When Richard and I came back to our home in Virginia, happily married, we had no intention of battling over the law. We made a commitment to each other in our love and lives, and now had the legal commitment, called marriage, to match. Isn't that what marriage is?

Not long after our wedding, we were awakened in the middle of the night in our own bedroom by deputy sheriffs and actually arrested for the "crime" of marrying the wrong kind of person. Our marriage certificate was hanging on the wall above the bed.

The state prosecuted Richard and me, and after we were found guilty, the judge declared: "Almighty God created the races white, black, yellow, malay and red, and he placed them on separate continents. And but for the interference with his arrangement there would be no cause for such marriages. The fact that he separated the races shows that he did not intend for the races to mix."

He sentenced us to a year in prison, but offered to suspend the sentence if we left our home in Virginia for 25 years exile. We left, and got a lawyer. Richard and I had to fight, but still were not fighting for a cause. We were fighting for our love.

Though it turned out we had to fight, happily Richard and I didn't have to fight alone.Thanks to groups like the ACLU and the NAACP Legal Defense & Education Fund, and so many good people around the country willing to speak up, we took our case for the freedom to marry all the way to the U.S. Supreme Court.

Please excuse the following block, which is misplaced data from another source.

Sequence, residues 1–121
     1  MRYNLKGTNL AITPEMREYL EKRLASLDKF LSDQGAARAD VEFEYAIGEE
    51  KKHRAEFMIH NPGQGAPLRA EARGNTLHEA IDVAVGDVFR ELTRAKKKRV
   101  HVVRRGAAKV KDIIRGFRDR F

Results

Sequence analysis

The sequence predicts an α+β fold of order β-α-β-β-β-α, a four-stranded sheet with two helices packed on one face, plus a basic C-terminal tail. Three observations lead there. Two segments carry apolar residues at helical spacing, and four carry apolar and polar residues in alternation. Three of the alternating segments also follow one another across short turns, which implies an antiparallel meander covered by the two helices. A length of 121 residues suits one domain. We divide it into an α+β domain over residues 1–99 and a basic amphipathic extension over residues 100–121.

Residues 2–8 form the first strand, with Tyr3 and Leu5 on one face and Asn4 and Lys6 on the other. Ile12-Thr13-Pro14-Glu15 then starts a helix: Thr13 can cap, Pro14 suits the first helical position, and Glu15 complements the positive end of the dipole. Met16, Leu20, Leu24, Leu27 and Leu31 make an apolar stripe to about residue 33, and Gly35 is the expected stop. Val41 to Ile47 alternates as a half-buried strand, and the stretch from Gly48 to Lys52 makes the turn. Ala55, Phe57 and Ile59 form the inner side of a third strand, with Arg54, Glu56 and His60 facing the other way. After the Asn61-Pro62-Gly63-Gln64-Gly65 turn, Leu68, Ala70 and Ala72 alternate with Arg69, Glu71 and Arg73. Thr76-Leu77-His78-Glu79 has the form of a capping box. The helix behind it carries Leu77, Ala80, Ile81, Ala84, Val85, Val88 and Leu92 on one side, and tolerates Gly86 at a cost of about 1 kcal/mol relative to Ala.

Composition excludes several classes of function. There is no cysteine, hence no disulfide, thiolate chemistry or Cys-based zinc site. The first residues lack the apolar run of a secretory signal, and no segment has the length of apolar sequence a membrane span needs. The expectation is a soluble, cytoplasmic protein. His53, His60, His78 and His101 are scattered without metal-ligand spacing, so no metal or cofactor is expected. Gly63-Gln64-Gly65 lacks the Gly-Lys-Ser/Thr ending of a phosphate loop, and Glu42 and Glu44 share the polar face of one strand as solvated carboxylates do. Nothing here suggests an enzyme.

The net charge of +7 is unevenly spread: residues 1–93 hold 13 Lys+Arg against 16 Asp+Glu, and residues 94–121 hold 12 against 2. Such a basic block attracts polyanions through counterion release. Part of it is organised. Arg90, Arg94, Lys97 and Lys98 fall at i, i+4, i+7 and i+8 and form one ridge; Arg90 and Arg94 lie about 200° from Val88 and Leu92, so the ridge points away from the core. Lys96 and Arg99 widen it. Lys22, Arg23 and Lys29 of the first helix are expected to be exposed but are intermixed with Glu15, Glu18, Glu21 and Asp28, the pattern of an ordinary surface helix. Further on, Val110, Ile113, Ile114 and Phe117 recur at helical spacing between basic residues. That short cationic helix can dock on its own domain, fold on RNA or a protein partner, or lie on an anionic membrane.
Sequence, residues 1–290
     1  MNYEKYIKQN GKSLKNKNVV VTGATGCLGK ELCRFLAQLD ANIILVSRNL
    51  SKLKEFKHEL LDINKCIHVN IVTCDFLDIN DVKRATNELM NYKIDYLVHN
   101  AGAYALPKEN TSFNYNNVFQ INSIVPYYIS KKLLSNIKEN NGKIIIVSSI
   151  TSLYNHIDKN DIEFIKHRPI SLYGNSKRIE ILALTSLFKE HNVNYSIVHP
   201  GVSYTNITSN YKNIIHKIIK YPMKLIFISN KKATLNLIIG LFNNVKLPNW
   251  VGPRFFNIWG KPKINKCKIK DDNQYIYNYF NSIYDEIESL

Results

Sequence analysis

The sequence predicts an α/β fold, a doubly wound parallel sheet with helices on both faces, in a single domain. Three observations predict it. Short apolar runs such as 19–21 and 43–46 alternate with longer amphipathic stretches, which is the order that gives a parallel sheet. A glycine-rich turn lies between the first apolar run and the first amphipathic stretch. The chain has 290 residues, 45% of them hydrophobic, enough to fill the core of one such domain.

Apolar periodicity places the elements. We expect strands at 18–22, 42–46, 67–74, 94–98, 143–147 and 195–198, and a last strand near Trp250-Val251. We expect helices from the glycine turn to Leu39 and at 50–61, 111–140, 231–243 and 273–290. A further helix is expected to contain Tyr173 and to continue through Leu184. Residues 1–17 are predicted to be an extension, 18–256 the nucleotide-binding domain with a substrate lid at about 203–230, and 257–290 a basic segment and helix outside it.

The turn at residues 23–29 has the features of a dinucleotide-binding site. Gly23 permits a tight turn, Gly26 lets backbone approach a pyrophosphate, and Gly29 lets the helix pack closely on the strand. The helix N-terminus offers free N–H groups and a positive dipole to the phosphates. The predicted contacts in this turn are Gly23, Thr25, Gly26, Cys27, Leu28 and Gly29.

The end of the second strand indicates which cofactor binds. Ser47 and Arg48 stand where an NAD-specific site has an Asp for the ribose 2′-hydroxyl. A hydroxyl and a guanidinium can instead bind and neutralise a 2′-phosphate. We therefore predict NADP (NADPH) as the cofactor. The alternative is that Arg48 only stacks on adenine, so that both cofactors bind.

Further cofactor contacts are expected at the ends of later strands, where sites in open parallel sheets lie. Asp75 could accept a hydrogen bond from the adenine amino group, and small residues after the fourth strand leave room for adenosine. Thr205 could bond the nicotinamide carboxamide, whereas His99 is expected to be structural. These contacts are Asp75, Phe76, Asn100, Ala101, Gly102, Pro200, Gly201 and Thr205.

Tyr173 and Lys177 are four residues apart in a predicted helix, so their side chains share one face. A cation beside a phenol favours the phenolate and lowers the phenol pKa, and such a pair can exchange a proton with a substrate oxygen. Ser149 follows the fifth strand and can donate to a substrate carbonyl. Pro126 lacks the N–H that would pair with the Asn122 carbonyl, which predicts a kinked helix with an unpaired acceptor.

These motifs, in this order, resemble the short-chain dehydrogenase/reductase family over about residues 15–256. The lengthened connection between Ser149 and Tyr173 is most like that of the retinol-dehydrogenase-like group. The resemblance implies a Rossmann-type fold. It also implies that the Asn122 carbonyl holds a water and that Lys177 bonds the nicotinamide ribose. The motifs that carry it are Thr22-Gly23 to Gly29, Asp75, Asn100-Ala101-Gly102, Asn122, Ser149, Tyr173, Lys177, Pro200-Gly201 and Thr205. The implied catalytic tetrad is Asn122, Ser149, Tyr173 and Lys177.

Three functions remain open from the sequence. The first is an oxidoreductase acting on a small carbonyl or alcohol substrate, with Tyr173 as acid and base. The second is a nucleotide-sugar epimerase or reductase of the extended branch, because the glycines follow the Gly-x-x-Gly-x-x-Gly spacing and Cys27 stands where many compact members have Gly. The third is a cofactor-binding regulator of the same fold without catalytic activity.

And on June 12, 1967, the Supreme Court ruled unanimously that, "The freedom to marry has long been recognized as one of the vital personal rights essential to the orderly pursuit of happiness by free men," a "basic civil right."

My generation was bitterly divided over something that should have been so clear and right. The majority believed that what the judge said, that it was God's plan to keep people apart, and that government should discriminate against people in love. But I have lived long enough now to see big changes. The older generation's fears and prejudices have given way, and today's young people realize that if someone loves someone they have a right to marry.

Surrounded as I am now by wonderful children and grandchildren, not a day goes by that I don't think of Richard and our love, our right to marry, and how much it meant to me to have that freedom to marry the person precious to me, even if others thought he was the "wrong kind of person" for me to marry.

I believe all Americans, no matter their race, no matter their sex, no matter their sexual orientation, should have that same freedom to marry. Government has no business imposing some people’s religious beliefs over others. Especially if it denies people’s civil rights.

I am still not a political person, but I am proud that Richard's and my name is on a court case that can help reinforce the love, the commitment, the fairness, and the family that so many people, black or white, young or old, gay or straight seek in life. I support the freedom to marry for all. That's what Loving, and loving, are all about.


Thank you, we'd love to stay married!